Thai Airways has received approval from the Thai government for reorganization under a bankruptcy court. Much like Chapter 11 in the US, this will see the airline protected from its creditors with a debt restructuring to keep it operational. The airline will continue with ‘business as usual’ throughout the process but could emerge as a privatized airline.
Bankruptcy restructuring approved
The plan for a bankruptcy court-led restructuring of Thailand’s national carrier has been approved. Thai Airways, which was in financial difficulties even before the coronavirus crisis, will have its debts and finances reorganized and the business revived in a bid to make it a profitable operation.
In a statement carried by FlightGlobal, the airline said,
“The Thai Cabinet approved the reform plan for [Thai Airways] which will be implemented through the business reorganization chapter under the auspices of the Central Bankruptcy Court of Thailand and the Bankruptcy Act.”
However, the carrier has confirmed it will not be dissolved or liquidated, so this is not bankruptcy in the traditional sense. Indeed, the airline has even said that it will continue with business as usual, operating flights for its passengers as planned. It further told FlightGlobal,
“The business reorganization chapter will enable Thai to reach its reform plan’s objectives even more effectively step by step as required by the law, which provides equitable protection to all relevant stakeholders while Thai will be able to conduct its normal business operations including passenger and cargo transportation.”
Thai laws allow businesses to seek reorganization as an alternative to bankruptcy. It’s very much like Chapter 11 bankruptcy protection in the US, a law which was leveraged to protect Colombian airline Avianca earlier this month. With this approval, it secures a more optimistic prospect for THAI, and suggests that the court sees a positive outcome for its future.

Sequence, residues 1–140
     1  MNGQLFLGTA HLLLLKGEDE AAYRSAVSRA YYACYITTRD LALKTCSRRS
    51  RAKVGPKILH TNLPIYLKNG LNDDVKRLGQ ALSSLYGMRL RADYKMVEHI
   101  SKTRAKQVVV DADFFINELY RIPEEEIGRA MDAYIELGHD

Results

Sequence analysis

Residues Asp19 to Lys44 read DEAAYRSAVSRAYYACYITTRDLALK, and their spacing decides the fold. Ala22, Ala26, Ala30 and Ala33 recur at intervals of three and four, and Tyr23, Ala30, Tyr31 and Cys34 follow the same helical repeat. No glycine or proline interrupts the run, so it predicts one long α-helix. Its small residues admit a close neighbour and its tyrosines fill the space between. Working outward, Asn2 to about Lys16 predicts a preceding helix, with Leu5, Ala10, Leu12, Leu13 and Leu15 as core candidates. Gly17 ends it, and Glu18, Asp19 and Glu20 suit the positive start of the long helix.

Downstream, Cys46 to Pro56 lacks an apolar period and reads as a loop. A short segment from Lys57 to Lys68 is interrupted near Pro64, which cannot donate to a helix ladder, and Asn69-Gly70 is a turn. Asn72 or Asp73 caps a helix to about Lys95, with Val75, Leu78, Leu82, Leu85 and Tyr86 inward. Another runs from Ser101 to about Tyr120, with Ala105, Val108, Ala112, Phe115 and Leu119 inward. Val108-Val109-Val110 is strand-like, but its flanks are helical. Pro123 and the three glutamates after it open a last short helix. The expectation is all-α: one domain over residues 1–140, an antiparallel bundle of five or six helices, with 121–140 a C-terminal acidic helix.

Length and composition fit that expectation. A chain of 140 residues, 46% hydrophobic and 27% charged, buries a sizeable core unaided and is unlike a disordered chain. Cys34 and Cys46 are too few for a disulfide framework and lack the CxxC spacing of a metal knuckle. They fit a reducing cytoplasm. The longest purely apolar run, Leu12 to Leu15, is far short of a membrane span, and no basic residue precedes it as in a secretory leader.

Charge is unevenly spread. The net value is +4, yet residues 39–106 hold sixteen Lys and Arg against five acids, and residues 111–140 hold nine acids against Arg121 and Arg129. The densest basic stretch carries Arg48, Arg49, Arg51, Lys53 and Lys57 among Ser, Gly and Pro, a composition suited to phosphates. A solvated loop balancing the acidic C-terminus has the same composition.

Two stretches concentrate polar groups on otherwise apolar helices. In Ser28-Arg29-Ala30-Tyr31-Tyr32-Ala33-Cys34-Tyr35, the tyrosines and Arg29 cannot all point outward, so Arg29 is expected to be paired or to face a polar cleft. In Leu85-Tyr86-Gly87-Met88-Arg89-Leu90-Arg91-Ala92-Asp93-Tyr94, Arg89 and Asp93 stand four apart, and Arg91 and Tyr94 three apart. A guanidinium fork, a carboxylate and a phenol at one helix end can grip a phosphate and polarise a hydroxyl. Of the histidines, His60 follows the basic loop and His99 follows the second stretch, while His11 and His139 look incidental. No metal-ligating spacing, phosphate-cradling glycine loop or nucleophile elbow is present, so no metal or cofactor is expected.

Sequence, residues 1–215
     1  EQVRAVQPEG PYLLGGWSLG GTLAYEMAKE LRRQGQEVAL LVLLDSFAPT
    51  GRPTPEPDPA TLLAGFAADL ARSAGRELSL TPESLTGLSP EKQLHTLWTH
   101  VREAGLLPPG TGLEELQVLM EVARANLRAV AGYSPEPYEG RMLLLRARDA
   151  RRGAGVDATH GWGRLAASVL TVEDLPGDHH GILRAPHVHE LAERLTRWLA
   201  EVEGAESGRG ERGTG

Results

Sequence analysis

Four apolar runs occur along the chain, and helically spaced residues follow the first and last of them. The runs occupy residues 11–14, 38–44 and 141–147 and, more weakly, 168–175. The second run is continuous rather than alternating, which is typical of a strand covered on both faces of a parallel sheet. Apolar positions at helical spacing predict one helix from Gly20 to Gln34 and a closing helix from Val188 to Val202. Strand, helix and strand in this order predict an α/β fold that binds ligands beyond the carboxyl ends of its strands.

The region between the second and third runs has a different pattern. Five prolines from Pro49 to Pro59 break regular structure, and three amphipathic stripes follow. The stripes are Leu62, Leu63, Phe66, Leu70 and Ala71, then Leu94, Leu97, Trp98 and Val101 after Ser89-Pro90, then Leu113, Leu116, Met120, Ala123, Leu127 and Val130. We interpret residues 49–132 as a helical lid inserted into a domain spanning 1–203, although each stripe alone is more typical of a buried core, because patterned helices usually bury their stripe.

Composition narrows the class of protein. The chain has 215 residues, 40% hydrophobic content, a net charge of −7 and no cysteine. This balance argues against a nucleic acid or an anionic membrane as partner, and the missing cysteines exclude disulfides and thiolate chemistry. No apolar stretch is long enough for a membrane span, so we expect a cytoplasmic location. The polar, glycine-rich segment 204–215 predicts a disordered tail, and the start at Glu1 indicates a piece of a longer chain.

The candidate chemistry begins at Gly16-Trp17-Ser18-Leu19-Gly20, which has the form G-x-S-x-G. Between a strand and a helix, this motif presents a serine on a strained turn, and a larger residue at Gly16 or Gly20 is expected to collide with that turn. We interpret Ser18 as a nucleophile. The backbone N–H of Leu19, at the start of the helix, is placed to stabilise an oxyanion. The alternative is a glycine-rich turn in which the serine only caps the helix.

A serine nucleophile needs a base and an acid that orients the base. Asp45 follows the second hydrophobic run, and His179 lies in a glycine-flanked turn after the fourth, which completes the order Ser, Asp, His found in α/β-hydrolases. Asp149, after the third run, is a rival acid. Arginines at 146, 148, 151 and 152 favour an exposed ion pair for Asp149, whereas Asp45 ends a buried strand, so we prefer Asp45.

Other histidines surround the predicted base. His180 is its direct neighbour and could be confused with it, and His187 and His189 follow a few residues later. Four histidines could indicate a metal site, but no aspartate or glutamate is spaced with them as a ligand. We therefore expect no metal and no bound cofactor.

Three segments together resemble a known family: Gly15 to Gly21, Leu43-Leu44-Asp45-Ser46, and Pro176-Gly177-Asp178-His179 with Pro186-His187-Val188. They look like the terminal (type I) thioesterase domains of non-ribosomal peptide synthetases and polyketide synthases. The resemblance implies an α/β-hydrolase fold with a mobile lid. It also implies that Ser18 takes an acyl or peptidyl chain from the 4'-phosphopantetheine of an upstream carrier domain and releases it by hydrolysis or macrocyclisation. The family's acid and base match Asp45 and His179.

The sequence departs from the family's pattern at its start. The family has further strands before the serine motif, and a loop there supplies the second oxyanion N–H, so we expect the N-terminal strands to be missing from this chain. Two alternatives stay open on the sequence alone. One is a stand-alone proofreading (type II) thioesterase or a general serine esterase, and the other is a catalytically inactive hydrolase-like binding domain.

How might the reorganization look?
With so much work to be done at Thai Airways to restructure and cut costs, it will likely be some time before the shape of the bailout is known. Professionals will need to be appointed to lead the restructuring, which could see changes to the fleet and staffing at the loss-making airline.
However, the Thai Prime Minister Prayut Chan-o-cha has said that he wants to protect the livelihoods of the airline’s approximately 22,000 employees. He believes that by undertaking this restructuring, he can protect the majority of the airline’s workers. In a statement carried by KhaosodEnglish, he said,
“It will come back as a proud flag carrier, bringing in fame and acting as an ambassador to present Thainess to the world.”
However, one likely outcome is that the carrier may no longer be state-owned. The airline is currently 51% owned by the Thai government and is managed by its State Enterprise Policy Committee (SEPC).
However, along with the approval for the restructuring, the cabinet also approved the divestment of the government’s stake to bring it below the 50% majority. This would see THAI becoming a privately-owned airline, and no longer holding state enterprise status.
While the trade unions have been vocal in their opposition to privatizing THAI, on the basis of diluted labor rights, it could be the lifeline the airline has been crying out for. For its passengers, existing tickets and mileage accruals will still be honored, despite the current situation.
Do you think THAI could benefit from being privatized? Let us know in the comments.